Since Aug. 6, when Coleman gave an alternative weekly newspaper in the Bay Area permission to jokingly nominate him for governor (the paper also spotted him the $3,500 filing fee, and gathered the necessary 65 legitimate signatures in support), Coleman has walked a line of believing in his own legitimacy and mocking it. This is harder than it looks. The newspaper, the East Bay Express, seemed to deploy the stunt merely to mock the effort to recall Gov. Gray Davis. It naturally followed, in terms of identifying with its Gen-X demographic, to pick a child star who ascended in the glorious days of late-'70s television, the Happiest Days, as it were. Despite his innermost desire to be viewed as a tough, profane, sharp-witted man about town, Coleman is still very much the lovable rascal he played on television and in a few movies: He is still sass-talkin', folksy, and marketable in a black way that plays cute to Middle America.

In the spectacle of the California recall election, it would seem to almost any observer that Coleman's sole purpose as a candidate is to be on hand to watchoo, etc., his diminutive heart out, to pop some one-liners about the mess the state is in, and to pose for pictures with all manner of quasi-celebrities, voters, the buxom, the marginalized, the masses. Only this week has an unsettling reality sunk in:

Gary Coleman, in Gary Coleman's mind, is seriously running for governor of California. Step one is to schmooze his way to Sacramento, to let himself be patronized.

"You're cute enough," he purrs back to Barberie. "You can say it."

"Do you have a girlfriend?" she asks.

"No. Are you making me an offer?" he asks. "I can take you away from weather maps."

"I, uh, um, no," Barberie stammers. ("First lady of California," anchor Edwards leaps in. "Or director of communications!")

She changes the subject.

Rejection is a recurrent theme in the life of Gary Coleman, so it's actually no problem, he says later, to put himself on a ballot of 135 candidates and take his chances in the statewide psychodrama. In a recent celebrity dating show on E!, he is seen trying to get a home phone number from his setup date; she is seen physically running from him; the camera records him taking it all in stride. Implied in all this is the subtle refrain: Gary Coleman Can't Win.

This is also the obvious point of his campaign. Gary Coleman Can't Win, and yet the electorate (and a bemused world beyond the state line) is repeatedly tantalized by the mere notion that Gary Coleman Could Win, with only a fraction of the votes. In some way, this is what the recall movement has stirred up in the people. It is the frightening prospect of a government that shifts much the same way people flip TV channels, or the way the famous descend to obscurity. California is at once smitten and embarrassed by it all.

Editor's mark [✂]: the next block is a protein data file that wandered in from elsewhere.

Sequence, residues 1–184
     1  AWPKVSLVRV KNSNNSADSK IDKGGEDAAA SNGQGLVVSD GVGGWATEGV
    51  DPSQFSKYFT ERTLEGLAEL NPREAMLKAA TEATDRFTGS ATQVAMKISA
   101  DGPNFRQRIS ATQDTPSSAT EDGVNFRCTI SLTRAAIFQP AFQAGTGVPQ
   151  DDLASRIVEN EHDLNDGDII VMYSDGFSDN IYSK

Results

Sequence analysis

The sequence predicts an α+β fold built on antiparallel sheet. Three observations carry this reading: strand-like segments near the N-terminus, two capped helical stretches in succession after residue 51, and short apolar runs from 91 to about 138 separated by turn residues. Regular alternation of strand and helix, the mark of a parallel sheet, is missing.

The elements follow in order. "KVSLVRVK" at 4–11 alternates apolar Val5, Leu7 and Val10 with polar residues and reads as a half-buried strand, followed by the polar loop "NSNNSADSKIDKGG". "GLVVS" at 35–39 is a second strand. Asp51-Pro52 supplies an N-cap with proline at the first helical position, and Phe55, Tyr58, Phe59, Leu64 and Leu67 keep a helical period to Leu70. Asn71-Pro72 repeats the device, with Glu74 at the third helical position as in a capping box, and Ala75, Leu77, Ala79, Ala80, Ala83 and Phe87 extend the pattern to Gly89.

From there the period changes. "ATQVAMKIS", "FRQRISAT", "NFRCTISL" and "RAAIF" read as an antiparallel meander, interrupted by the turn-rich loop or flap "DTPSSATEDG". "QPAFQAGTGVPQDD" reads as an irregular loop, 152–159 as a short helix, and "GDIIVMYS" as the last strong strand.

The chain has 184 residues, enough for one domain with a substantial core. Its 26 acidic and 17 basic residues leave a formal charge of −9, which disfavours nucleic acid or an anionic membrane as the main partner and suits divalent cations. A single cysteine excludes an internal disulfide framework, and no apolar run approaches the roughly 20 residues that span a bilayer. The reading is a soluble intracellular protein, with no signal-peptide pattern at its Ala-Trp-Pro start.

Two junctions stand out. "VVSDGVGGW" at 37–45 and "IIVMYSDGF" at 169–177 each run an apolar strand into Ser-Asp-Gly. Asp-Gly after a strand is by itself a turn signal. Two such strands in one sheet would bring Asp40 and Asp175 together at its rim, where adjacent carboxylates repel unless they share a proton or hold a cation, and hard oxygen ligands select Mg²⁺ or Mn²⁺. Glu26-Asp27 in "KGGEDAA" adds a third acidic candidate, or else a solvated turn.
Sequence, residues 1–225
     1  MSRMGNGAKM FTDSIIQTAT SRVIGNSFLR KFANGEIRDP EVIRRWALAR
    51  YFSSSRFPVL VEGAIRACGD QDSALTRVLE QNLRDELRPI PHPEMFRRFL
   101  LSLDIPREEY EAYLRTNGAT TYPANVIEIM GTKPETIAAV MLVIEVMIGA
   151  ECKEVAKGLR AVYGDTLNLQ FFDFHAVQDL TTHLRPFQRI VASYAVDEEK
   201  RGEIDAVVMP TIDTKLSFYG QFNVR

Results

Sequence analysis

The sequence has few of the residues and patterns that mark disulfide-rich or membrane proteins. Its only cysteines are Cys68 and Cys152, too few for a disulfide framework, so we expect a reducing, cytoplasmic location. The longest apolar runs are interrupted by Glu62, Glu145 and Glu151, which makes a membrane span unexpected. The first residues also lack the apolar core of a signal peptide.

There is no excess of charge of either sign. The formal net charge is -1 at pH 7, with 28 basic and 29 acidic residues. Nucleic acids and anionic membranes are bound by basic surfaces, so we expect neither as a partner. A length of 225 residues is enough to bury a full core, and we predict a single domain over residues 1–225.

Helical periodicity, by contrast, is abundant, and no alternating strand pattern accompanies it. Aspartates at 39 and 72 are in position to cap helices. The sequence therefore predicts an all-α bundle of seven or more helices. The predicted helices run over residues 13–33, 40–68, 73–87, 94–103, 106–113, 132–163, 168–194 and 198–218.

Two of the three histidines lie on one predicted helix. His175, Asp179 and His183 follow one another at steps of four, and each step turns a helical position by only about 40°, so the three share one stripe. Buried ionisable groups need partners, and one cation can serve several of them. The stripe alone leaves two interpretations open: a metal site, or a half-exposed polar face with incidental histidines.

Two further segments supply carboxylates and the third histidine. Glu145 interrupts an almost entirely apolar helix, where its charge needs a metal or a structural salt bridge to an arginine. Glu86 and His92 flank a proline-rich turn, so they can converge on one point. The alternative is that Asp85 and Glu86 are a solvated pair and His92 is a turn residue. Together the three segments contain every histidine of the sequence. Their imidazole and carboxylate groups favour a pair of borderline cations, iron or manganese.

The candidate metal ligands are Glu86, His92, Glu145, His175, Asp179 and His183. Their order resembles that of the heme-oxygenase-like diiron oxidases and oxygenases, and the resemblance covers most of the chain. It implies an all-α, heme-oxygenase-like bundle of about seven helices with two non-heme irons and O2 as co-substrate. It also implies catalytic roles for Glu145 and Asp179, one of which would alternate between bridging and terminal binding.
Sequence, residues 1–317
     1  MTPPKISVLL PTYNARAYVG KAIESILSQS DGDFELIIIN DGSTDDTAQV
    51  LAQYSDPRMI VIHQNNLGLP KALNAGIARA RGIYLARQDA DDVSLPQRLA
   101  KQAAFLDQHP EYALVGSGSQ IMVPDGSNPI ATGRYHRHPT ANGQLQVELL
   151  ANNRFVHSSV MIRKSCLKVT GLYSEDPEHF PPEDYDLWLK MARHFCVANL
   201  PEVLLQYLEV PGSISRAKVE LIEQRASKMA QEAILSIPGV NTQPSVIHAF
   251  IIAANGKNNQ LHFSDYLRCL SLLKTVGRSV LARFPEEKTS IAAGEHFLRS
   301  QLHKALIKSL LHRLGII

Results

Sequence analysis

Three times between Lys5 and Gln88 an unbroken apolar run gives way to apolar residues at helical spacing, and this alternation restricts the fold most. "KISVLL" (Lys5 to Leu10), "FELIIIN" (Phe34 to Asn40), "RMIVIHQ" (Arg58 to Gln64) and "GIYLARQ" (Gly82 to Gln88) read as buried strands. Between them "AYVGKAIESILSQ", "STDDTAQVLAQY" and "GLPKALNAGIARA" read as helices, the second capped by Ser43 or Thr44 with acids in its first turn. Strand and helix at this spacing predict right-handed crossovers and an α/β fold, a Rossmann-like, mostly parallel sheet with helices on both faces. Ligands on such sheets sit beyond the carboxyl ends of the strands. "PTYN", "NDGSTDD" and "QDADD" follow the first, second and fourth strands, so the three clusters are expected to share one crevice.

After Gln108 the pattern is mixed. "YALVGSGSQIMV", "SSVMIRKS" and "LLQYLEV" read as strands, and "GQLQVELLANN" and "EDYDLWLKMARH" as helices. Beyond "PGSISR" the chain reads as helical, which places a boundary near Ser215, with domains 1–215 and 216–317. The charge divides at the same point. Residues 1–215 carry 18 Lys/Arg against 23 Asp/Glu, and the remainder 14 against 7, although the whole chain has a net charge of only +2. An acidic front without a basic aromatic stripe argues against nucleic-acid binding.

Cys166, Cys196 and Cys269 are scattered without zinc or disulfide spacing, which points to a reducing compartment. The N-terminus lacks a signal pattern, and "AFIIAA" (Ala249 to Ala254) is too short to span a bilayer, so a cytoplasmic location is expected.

Food for Thought

He is shown through a hallway toward the studio exit, but not before a station employee comes up to him and asks to have her picture taken with him, hugging him and telling him he's so cute. Another employee, a camera operator, comes over to reminisce about their days working together on the "Diff'rent Strokes" set, during the first season, 1978-79. (Coleman doesn't remember the man, but he remembers the studio.) The two men talk about the old building, where "Soul Train" was also taped. It's being torn down now, Coleman learns, and he seems genuinely sad for a moment.

Then it occurs to him he was promised breakfast in all this. "Wasn't there something about a breakfast?"

"Did they tell you that you could get breakfast?" a station employee asks. And Coleman insists, so he is led to the back end of the studio, where an intern-aged young woman sits and guards a picked-over buffet table of grocery store bagels, a few Danish pastries and an almost empty tray of scrambled eggs. Coleman makes himself a plate of eggs and covers them with salt and pepper.

He eats rapidly, standing up, and patiently explains to us where he's "been," what he's been doing all these years: "Unless you've been living under a rock, you'd know I've been right here, that I've been busy." He's designed a video game. He is the spokesman for a Web network called UGO.com, which has assigned him to various publicity tasks, such as writing an online advice column, and escorting models to awards shows. He says he recently had a part in a small independent film called "A Christmas Too Many," currently unreleased, about "a dysfunctional family who has a vegan Christmas." Earlier this year, in another expression of American television's love for its recent past, Coleman and "Strokes" co-stars Todd Bridges and Conrad Bain reunited in March at the TV Land Awards, to present the prize for "Funniest Food Fight."